Sleep: The Tip of the Iceberg in the Bidirectional Link Between Alzheimer's Disease and Epilepsy

Front Neurol. 2022 Apr 11:13:836292. doi: 10.3389/fneur.2022.836292. eCollection 2022.


The observation that a pathophysiological link might exist between Alzheimer's disease (AD) and epilepsy dates back to the identification of the first cases of the pathology itself and is now strongly supported by an ever-increasing mountain of literature. An overwhelming majority of data suggests not only a higher prevalence of epilepsy in Alzheimer's disease compared to healthy aging, but also that AD patients with a comorbid epileptic syndrome, even subclinical, have a steeper cognitive decline. Moreover, clinical and preclinical investigations have revealed a marked sleep-related increase in the frequency of epileptic activities. This characteristic might provide clues to the pathophysiological pathways underlying this comorbidity. Furthermore, the preferential sleep-related occurrence of epileptic events opens up the possibility that they might hasten cognitive decline by interfering with the delicately orchestrated synchrony of oscillatory activities implicated in sleep-related memory consolidation. Therefore, we scrutinized the literature for mechanisms that might promote sleep-related epileptic activity in AD and, possibly dementia onset in epilepsy, and we also aimed to determine to what degree and through which processes such events might alter the progression of AD. Finally, we discuss the implications for patient care and try to identify a common basis for methodological considerations for future research and clinical practice.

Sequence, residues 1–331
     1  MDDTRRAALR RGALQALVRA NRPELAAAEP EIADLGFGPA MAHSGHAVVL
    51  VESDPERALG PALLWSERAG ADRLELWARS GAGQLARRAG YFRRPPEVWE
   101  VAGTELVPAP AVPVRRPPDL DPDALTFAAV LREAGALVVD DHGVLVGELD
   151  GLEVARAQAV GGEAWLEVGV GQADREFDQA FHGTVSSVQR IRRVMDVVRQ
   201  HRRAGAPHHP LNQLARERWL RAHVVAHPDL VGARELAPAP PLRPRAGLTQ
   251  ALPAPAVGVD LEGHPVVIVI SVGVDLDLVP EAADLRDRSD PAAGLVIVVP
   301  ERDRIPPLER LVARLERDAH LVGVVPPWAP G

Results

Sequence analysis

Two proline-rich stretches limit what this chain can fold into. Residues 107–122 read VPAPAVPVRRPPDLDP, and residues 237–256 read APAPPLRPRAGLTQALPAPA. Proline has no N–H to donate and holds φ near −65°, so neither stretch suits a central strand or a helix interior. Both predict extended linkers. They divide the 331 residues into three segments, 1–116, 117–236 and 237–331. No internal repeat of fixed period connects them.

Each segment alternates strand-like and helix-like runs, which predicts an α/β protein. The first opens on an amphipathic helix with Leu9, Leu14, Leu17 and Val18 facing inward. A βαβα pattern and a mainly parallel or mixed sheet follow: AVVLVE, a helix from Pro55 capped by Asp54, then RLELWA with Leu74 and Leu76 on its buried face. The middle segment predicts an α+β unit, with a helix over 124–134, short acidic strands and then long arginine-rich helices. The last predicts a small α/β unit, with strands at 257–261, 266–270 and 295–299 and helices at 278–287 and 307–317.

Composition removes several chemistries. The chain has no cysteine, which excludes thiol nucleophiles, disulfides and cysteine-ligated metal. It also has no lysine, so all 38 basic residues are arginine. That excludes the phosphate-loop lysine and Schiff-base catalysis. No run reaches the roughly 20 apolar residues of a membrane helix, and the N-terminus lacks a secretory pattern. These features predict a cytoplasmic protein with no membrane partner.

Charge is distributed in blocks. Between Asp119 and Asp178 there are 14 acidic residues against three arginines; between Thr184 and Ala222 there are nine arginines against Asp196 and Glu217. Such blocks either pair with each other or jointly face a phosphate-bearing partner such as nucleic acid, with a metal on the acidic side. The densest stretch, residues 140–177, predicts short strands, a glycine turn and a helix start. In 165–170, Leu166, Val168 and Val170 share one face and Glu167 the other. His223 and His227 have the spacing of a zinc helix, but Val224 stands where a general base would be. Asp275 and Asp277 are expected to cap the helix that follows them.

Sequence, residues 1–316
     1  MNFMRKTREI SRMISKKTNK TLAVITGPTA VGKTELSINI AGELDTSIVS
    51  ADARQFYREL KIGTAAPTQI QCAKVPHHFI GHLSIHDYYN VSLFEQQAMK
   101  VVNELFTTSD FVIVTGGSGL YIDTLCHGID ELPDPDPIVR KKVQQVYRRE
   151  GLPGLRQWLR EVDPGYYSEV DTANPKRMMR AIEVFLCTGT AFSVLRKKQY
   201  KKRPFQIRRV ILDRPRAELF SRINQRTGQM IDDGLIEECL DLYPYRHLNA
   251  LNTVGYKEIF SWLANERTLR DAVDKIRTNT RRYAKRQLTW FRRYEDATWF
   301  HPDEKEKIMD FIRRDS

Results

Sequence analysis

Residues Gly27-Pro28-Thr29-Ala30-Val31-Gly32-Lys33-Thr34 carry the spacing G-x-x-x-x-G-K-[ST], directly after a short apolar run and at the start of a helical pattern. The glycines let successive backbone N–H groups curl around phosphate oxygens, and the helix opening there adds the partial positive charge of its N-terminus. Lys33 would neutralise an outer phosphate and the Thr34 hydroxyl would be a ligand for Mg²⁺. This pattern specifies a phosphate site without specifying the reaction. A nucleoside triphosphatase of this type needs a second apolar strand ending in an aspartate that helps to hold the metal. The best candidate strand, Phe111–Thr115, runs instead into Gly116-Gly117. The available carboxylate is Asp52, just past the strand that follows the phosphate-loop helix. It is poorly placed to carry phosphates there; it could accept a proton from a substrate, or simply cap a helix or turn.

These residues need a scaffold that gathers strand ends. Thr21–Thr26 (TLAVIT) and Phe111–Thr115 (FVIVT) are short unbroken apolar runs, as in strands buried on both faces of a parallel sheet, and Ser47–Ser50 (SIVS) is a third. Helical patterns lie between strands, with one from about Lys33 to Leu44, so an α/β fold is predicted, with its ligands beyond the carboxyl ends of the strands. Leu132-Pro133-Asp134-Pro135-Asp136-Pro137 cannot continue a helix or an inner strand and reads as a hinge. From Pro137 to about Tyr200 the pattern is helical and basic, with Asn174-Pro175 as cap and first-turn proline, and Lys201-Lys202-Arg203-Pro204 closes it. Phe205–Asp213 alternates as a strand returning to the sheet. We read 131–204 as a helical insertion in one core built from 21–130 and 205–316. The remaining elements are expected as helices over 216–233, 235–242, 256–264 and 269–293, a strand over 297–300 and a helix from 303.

Keywords: Alzheimer's disease; EEG; epilepsy; glymphatic clearance; interictal spike; memory consolidation; neuronal hyperexcitability; sleep.

Publication types

  • Review